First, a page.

Bob Dylan Gives Ringing Endorsement to Obama

Music Audio: Bob Dylan/The Times They are a-Changin’

In an exclusive interview with The Times (U.K.) yesterday, Bob Dylan gave a ringing endorsement to Barack Obama, the first-ever African-American presidential candidate, claiming that he is “redefining the nature of politics from the ground up.” Dylan’s 1964 song The Times They are a-Changin became the anthem for his generation, symbolizing the era-defining social struggle against the establishment. Now Bob Dylan, who could justifiably claim to be the architect of Barack Obama’s “change” catchphrase, has backed the Illinois senator to do for modern America what the generation before did in the 1960s. Dylan, 67, made his comments while being interviewed in Denmark, where he had stopped over in a hotel during a tour of Scandinavia.

Asked about his views on American politics, he said: “Well, you know right now America is in a state of upheaval. Poverty is demoralising. You can’t expect people to have the virtue of purity when they are poor. But we’ve got this guy now who is redefining the nature of politics from the ground up…Barack Obama. He’s redefining what a politician is, so we’ll have to see how things play out. Am I hopeful? Yes, I’m hopeful that things might change. Some things are going to have to.” He added: “You should always take the best from the past, leave the worst back there and go forward into the future.”

Dylan’s endorsement contains a great deal of symbolic significance. The legendary singer-songwriter, who has an art exhibition opening in London next week, became a focal point for young people worldwide when he released the album The Times They Are a-Changin’, including the famous song of that name, back in 1964. The track, which he wrote as the social liberation of the ’60s astonished politicians and parents, included lines urging people to accept and embrace what was happening around them.

Memorable lines included: “Come senators, congressmen, please heed the call. Don’t stand in the doorway, don’t block up the hall,” and: “Come mothers and fathers throughout the land, and don’t criticise what you can’t understand. Your sons and your daughters are beyond your command. Your old road is rapidly agin’.

The complete Times interview is here.

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Hillary: “I Don’t Accept!”

From Ezra Klein at The American Spectator

In the first episode of the BBC comedy Coupling, Steve decides he’s going to break up with his partner Jane. He steels up his courage, strides over to her, and makes his pitch. “I’m going to put this very simply. It’s over between us,” he says. She looks at him quizzically. “You want us to split up?” she asks. “Yes,” replies Steve. “Yes I do.” She looks at him sweetly. “I don’t accept.”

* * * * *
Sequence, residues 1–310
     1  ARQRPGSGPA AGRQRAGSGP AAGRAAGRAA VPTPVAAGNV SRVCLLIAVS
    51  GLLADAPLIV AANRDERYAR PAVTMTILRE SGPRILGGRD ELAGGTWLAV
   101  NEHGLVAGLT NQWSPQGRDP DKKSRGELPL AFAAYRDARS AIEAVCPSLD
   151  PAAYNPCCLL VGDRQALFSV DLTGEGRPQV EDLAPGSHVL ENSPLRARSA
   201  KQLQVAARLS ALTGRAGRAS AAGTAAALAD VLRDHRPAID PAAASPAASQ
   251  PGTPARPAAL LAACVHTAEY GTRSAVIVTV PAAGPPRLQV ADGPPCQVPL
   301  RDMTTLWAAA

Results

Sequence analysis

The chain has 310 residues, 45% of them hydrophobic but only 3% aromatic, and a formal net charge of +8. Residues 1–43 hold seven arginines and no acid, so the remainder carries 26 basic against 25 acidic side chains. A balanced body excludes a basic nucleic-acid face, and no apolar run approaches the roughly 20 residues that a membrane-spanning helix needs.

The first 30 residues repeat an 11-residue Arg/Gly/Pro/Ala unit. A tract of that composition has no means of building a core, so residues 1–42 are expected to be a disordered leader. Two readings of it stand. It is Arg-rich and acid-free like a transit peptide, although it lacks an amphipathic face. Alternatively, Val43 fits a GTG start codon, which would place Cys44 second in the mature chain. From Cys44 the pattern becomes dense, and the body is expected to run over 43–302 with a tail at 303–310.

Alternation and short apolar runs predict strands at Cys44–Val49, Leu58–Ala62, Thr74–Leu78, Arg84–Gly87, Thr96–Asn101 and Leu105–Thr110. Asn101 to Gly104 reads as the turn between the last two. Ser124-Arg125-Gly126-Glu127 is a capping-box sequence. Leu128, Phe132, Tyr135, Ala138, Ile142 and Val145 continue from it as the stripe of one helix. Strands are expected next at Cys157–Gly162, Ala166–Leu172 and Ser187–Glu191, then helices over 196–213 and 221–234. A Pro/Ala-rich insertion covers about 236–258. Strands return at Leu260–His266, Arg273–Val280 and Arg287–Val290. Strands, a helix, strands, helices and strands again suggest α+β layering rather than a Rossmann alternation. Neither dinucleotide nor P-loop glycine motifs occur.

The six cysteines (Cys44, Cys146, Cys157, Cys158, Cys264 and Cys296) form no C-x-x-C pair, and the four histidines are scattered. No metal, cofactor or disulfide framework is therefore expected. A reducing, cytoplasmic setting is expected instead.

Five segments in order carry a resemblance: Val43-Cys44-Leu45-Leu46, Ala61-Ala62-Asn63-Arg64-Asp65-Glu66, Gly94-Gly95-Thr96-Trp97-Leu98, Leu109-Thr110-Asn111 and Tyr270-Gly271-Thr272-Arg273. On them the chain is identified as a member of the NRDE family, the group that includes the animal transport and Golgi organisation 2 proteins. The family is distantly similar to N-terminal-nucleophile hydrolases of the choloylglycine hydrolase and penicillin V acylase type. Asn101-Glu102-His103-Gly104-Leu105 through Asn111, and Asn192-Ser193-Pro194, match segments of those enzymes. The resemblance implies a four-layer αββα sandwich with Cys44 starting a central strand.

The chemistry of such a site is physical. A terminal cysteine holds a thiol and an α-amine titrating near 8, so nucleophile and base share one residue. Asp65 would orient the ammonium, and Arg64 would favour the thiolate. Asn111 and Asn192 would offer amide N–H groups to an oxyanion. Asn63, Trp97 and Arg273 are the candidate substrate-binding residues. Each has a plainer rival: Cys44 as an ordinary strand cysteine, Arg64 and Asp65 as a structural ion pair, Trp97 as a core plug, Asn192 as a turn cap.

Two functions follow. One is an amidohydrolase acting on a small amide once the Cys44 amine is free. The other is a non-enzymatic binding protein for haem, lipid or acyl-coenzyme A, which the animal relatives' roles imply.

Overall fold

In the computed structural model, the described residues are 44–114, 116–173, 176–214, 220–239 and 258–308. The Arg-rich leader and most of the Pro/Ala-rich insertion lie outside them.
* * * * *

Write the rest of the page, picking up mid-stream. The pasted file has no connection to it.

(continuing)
[Last night] the Democratic Party essentially told Clinton that it was over. Obama crossed the magic delegate threshold and captured, for all intents and purposes, the nomination. Clinton had run a remarkable race, and come inches from securing the nomination, but she had lost. And then, Clinton took the stage in New York, and said, in effect, “I don’t accept.”

Coupling: “I Don’t Accept.”

Clinton’s speech was a curious spectacle. It’s not merely that she didn’t concede, but that she didn’t even mention that anything had changed. She congratulated Obama on his campaign, but not on his win, or even his likely win. It wasn’t merely that she didn’t concede, but that she didn’t stop running, didn’t stop attacking.

She admitted that the next few days would require thought as to the path forward, but used that as an opening to plug her web site, where supporters could weigh in on the path she should choose. And on her web site, the button to submit your message of support sits next to an even larger button asking you to contribute…. If you decide not to contribute, and try to simply leave a message, you’re taken to another page where, again, you’re asked to contribute. In truth, it is the contribution that Clinton is asking for, not the support. And those donations will not go towards her campaign for the nomination, which cannot be revived by more money. Rather, those donations will go towards retiring her millions in campaign debt. And, in a way, it explain why Hillary refuses to drop out.

So long as she remains in the race, she has leverage. She has reporters who will cover her statements…..She has the chance, no matter how slim, that lightning will strike, or scandal will hit, or tragedy will fall, and Obama’s campaign will unexpectedly fold in upon itself and she will step forward as the nominee. It is not so much that she doesn’t realize it’s over as that she sees no upside in admitting the end. She understands, she just doesn’t accept.”

Read Ezra Klein’s complete article in The American Spectator here.

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